Two recent studies examined the clinical use of the antimicrobial rifaximin. Rifaximin is a minimally absorbed antimicrobial drug, blocks bacterial RNA polymerase, is highly concentrated in the gastrointestinal tract, and demonstrates broad-spectrum antimicrobial coverage. Studies have suggested that most of the administered drug is excreted in the feces and that chronic inflammatory conditions do not result in increased absorption. It has an excellent safety profile with few adverse effects and has been used in surgical prophylaxis, a variety of gastrointestinal conditions, and hepatic encephalopathy. Treatment for this condition is primarily performed to reduce nitrogenous wastes in the intestine through the use of oral antibiotics and lactulose; many of the commonly used antibiotics result in severe side effects.

In the first study, 299 patients in hepatic encephalopathy remission from chronic liver disease were randomly assigned to receive rifaximin (n = 140) or placebo (n = 159) for 6 months. Clinical efficacy was determined by the initial breakthrough episode of hepatic encephalopathy as the first endpoint and hospitalization as the second endpoint; breakthrough hepatic encephalopathy occurred in 22.1% of rifaximin recipients vs 45.9% of controls, and hospitalization occurred in 13.6% and 22.6%, respectively. In this population, rifaximin prolonged hepatic encephalopathy remission and decreased instances of hospitalization for the condition. The second study evaluated efficacy of rifaximin treatment in 23 children with inflammatory bowel disease. Children presented with abdominal pain, diarrhea, and bloody stools and were accordingly treated with rifaximin. Clinical symptoms of each condition were relieved with rifaximin therapy, and relief increased over time. Sixty-one percent of the population had clinical relief, and rifaximin was the primary therapeutic addition.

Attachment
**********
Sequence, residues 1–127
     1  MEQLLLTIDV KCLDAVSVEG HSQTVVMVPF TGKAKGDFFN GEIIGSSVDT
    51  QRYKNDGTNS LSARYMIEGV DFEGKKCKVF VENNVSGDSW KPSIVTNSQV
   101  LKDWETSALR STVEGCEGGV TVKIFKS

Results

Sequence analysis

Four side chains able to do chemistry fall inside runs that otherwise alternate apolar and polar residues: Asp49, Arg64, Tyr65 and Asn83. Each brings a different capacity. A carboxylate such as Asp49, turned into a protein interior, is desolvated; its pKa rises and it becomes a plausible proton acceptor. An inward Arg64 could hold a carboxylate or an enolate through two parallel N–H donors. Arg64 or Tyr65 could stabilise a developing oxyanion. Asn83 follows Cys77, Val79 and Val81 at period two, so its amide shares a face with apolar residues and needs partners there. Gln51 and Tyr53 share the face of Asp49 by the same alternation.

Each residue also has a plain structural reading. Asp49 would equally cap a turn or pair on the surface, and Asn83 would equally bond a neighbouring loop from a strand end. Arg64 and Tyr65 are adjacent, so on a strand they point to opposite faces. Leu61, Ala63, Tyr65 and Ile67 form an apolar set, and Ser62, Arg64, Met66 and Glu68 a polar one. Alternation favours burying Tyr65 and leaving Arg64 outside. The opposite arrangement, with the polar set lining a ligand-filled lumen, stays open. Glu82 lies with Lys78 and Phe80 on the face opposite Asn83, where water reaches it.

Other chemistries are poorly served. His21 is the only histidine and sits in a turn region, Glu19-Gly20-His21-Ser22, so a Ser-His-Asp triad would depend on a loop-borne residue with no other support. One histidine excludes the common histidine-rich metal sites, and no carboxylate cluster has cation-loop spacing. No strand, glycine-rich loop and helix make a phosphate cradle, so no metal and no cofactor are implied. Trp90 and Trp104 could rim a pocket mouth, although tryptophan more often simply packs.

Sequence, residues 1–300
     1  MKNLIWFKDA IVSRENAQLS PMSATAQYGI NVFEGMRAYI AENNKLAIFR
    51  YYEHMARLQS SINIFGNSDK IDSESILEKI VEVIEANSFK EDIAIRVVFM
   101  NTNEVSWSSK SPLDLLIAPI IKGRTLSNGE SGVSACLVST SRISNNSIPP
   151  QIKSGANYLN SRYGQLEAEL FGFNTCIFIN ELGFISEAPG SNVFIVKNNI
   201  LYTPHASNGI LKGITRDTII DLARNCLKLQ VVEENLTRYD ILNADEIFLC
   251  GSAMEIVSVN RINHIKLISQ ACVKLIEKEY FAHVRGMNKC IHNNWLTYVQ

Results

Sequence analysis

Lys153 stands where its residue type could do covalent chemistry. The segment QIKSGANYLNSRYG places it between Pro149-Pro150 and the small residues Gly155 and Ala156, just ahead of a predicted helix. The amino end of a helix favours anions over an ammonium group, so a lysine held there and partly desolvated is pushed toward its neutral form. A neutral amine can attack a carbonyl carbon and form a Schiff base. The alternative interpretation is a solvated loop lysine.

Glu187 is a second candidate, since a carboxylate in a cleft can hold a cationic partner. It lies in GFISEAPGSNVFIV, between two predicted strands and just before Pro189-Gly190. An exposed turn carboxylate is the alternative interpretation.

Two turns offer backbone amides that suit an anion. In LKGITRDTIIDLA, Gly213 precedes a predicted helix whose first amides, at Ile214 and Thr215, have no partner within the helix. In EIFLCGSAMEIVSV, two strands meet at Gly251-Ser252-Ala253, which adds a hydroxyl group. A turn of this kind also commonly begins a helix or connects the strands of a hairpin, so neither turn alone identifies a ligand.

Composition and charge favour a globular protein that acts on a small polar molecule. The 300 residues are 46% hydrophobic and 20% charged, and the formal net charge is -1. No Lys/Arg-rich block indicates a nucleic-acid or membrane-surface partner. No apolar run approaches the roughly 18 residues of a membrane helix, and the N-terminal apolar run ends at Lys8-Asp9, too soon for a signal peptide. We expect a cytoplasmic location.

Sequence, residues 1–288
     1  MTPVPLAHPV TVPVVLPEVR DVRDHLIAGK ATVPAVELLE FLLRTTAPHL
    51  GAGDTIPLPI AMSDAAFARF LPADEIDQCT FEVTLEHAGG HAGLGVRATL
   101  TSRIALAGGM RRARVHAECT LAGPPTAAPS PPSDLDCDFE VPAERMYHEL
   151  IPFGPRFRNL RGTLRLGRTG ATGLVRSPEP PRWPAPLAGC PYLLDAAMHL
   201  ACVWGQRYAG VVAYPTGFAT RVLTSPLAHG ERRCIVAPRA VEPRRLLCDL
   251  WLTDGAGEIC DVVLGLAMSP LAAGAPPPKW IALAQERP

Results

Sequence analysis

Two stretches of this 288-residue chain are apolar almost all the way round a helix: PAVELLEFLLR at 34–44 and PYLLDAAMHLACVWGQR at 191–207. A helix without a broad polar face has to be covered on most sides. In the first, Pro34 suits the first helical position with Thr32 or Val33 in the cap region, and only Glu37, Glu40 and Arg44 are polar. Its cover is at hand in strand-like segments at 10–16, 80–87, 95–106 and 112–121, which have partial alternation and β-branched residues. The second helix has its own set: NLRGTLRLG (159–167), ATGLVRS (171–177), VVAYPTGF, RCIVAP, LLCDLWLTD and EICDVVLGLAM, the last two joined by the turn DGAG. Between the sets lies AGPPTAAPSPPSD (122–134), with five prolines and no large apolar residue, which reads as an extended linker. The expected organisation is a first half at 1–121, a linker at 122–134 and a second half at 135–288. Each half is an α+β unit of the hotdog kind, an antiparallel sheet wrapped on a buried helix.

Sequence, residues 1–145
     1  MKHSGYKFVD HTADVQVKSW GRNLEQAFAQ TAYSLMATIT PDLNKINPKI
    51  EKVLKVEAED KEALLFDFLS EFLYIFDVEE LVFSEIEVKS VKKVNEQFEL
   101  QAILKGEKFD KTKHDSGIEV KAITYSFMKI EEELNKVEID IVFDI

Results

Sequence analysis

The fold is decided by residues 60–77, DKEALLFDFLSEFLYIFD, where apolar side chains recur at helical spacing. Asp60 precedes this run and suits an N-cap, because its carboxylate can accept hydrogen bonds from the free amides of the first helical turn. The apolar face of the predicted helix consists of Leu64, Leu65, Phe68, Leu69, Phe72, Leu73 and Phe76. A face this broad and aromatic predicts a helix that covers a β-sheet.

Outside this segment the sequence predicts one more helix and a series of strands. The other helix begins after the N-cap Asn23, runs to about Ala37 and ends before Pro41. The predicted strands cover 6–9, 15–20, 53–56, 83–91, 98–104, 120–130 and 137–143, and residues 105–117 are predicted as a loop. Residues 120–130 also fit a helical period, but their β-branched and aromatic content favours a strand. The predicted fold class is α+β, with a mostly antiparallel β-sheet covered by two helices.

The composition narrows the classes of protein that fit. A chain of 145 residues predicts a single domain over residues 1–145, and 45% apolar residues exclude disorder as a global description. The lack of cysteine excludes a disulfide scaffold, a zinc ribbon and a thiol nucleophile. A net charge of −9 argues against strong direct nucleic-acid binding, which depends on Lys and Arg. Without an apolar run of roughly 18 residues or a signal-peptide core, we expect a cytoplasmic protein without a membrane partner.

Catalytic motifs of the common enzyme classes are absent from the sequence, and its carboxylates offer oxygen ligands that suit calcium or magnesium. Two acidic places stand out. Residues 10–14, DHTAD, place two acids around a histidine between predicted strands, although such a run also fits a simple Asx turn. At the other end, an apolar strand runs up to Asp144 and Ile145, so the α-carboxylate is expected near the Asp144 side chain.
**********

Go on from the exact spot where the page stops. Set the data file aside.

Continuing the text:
Commentary: Inflammatory bowel disease and hepatic encephalopathy are common clinical conditions in companion animal patients. The high safety and efficacy profiles of rifaximin suggest the potential for its use in veterinary patients. Initial pilot studies should confirm the presence of gastrointestinal excretion of unchanged drug in dogs and cats, the presence of elevated gastrointestinal concentrations of rifaximin, and the limited incidence of side effects. The drug could also have concurrent use in a variety of veterinary gastrointestinal diseases, including small intestinal bacterial overgrowth.

Use and safety of rifaximin in children with inflammatory bowel disease. Muniyappa P, Gulati R, Mohr F, Hupertz V. J PEDIATR GASTR NUTR 49:400-404, 2009.


Rifaximin treatment in hepatic encephalopathy. Bass NM, Mullen KD, Sanyal A, et al. N ENGL J MED 362:1071-1081, 2010.